By Kevin Concannon
Fresh fruits and vegetables? Key elements of a healthy diet, for sure. But many people of modest means, including those served by United States Department of Agriculture’s (USDA) nutrition assistance programs, wonder if they can afford to buy healthy foods like the wonderful fresh produce that can be found in summer abundance at America’s farmers’ markets.
As USDA Undersecretary for Food, Nutrition and Consumer Services, I find that perception a source of concern because we work hard to encourage all Americans to make healthy food choices — particularly those participating in USDA’s nutrition assistance programs, from kids in school to the more than 46 million people participating in USDA’s Supplemental Nutrition Assistance Program.
Well, I’m pleased to say that a recent study by USDA’s Economic Research Service, “Are Healthy Foods Really More Expensive? It Depends on How You Measure the Price,” found that healthy food choices, like fresh fruits and vegetables, may be more affordable than people think.
They found that while it is easy to buy “cheap” calories by using less healthy foods, there are many healthy food choices that cost no more per portion than less nutritious foods. Measured by the cost per portion, or per pound, grains, vegetables, fruit and dairy foods are actually less expensive than most protein foods and foods high in saturated fat, added sugars and/or sodium.
This is great news for all those trying to get by with a limited food budget — like people receiving SNAP benefits. You don’t have to compromise on good nutrition just because money is tight. And just in time for summer.
If you haven’t been to one of the nearly 7,200 farmers’ markets across the country, I encourage you to do so. Farmers’ markets offer shoppers a wonderful place to find the fresh fruits and vegetables and other local produce so important to a healthy diet — particularly now when farmers’ markets are practically bursting with a bounty of summer produce.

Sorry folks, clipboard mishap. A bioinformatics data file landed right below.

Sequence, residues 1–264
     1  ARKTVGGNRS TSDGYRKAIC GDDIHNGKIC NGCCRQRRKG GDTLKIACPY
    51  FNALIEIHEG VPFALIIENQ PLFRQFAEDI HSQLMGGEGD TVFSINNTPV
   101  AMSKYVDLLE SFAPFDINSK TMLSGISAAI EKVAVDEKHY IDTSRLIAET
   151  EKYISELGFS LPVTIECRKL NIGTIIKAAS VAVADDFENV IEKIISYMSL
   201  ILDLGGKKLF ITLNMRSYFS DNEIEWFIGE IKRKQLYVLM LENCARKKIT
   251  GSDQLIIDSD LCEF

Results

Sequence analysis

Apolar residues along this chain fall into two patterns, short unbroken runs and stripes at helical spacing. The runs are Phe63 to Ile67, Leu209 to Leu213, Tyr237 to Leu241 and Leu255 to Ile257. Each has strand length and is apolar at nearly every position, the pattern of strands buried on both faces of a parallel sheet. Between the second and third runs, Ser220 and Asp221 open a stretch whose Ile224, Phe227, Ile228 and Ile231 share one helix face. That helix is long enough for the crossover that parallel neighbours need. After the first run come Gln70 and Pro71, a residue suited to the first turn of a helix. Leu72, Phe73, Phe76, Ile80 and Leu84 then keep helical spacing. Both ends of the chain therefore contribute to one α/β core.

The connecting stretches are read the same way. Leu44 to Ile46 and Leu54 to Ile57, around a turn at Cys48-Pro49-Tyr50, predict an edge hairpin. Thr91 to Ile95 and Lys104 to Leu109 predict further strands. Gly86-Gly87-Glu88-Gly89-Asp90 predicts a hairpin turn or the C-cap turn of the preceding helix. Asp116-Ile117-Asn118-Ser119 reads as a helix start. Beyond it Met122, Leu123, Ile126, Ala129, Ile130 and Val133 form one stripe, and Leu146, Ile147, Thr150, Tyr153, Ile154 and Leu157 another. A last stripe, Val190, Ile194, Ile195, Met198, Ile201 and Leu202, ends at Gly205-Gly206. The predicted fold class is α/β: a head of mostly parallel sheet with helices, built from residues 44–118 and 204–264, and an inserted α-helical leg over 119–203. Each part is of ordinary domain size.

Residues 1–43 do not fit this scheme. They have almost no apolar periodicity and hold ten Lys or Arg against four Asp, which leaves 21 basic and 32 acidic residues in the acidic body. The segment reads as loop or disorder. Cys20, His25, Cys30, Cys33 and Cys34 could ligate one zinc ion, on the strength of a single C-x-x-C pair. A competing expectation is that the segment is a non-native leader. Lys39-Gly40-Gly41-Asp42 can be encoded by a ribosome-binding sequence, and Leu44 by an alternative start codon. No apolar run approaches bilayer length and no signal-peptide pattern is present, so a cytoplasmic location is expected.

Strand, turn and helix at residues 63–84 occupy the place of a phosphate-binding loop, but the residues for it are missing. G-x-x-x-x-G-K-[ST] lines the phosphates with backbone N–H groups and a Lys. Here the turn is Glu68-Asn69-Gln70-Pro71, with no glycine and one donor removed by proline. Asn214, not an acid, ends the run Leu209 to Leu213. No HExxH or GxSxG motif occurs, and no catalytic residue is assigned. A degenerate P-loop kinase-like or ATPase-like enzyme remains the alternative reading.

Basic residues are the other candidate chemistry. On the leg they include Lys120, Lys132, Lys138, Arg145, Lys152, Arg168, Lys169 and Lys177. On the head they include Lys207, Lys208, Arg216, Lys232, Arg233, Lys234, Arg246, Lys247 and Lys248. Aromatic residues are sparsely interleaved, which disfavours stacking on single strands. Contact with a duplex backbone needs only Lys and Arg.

USDA strongly supports farmers’ markets. And the Food and Nutrition Service, which I oversee, has farmers’ market programs for Supplemental Nutrition Assistance Program (SNAP) participants, for seniors and for WIC mothers to help provide healthy food for them and their children.
We also encourage farmers’ markets to accept SNAP electronic benefit transfer (EBT) cards, which makes it easier for SNAP participants to make purchases.
Farmers’ markets are the ultimate win-win situation. They’re a win for customers because they can easily buy the freshest produce available. They’re a win for producers because they are a convenient local market for their products.
They also provide a chance for customers and producers to meet face to face and build better understanding of community agriculture and what customers want.
So, visit a local farmers’ market today — you’re in for a treat. And remember, fresh fruits and vegetables are not only the healthy choice — they’re the affordable choice, too.
From the July 25-31, 2012, issue